• A toddler who is securely attached to his or her parent will explore freely while the caregiver is present, typically engages with strangers, is often visibly upset when the caregiver departs, and is generally happy to see the caregiver return.

  • The strength of a child's attachment behaviour in a given circumstance does not indicate the 'strength' of the attachment bond; individuals with different attachment styles have different beliefs about romantic love, availability, trust capability of love partners, and love readiness.Understanding Attachment Styles

  • There are four attachment styles: secure, anxious-ambivalent, anxious-avoidant, and disorganized/disoriented.

  • Secure attachment is the most common attachment style and occurs when a child's parent is available and able to meet their needs in a responsive manner.

  • Anxious-ambivalent attachment occurs when a child is wary of strangers and shows distress when their caregiver departs, but is ambivalent when the caregiver returns.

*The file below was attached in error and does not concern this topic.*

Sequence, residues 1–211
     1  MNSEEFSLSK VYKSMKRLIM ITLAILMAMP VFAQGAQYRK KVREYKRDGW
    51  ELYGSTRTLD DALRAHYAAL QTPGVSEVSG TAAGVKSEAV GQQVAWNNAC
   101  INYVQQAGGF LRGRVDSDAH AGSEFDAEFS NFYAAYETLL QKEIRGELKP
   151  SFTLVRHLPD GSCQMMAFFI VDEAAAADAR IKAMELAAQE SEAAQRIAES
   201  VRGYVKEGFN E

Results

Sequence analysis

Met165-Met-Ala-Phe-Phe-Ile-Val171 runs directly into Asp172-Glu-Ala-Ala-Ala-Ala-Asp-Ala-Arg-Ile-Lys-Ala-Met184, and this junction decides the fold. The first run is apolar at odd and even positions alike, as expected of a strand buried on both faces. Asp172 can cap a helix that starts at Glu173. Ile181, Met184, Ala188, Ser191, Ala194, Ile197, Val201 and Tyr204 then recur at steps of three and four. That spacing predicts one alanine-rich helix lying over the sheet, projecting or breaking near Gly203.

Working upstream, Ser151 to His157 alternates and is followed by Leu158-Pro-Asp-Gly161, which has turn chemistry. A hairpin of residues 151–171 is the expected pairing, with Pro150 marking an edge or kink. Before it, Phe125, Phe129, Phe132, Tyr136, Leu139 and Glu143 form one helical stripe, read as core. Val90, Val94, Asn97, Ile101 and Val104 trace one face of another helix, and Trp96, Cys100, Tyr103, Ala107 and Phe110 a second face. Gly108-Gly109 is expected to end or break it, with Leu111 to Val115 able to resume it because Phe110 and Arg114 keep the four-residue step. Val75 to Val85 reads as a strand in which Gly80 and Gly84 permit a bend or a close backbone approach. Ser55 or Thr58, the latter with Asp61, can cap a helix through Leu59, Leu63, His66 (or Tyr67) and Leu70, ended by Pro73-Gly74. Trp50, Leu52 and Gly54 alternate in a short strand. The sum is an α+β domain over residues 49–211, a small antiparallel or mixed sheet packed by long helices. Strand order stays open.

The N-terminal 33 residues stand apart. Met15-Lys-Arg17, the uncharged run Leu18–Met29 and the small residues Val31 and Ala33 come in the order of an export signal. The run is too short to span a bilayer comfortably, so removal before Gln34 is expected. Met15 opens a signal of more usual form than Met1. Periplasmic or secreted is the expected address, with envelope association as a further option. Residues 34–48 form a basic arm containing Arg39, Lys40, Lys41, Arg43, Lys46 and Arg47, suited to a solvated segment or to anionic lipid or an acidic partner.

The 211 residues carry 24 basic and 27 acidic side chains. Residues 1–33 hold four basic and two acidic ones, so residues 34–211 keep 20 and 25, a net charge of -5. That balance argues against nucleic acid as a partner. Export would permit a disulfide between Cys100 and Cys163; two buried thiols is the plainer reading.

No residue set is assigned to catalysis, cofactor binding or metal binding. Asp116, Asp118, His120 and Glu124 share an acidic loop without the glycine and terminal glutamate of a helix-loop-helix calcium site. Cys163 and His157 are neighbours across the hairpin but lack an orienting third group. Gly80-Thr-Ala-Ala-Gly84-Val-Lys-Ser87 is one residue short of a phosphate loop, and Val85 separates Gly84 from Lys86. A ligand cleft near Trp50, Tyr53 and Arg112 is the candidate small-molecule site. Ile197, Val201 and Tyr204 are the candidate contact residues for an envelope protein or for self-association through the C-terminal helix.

• Anxious-avoidant attachment occurs when a child avoids or ignores their caregiver and shows little emotion when the caregiver departs or returns.

  • Disorganized/disoriented attachment occurs when a child's behavior is not coordinated in a smooth way to achieve proximity with the caregiver, indicating a disruption or flooding of the attachment system.

  • Disorganized/disoriented attachment has been criticized for being too encompassing.

  • There are cultural differences in attachment styles.

  • Older children can have further attachment classifications, such as caregiving-controlling or punitive behavior.

  • Patricia McKinsey Crittenden has elaborated classifications of further forms of avoidant and ambivalent attachment behavior.

  • Attachment styles are associated with children's functioning across their lifespan.

  • There is growing interest in disorganized attachment from clinicians, policy-makers, and researchers.

  • Research also shows that children with abusive childhood experiences are more likely to develop ambivalent attachments and experience difficulties in maintaining intimate relationships as adults.Attachment Theory and Its Applications Summary

  • Insecure attachment in children can lead to difficulties in various areas of life, including relationships, social skills, and intellectual development.

  • Infants at high risk for autism spectrum disorders may express attachment security differently than those at low risk.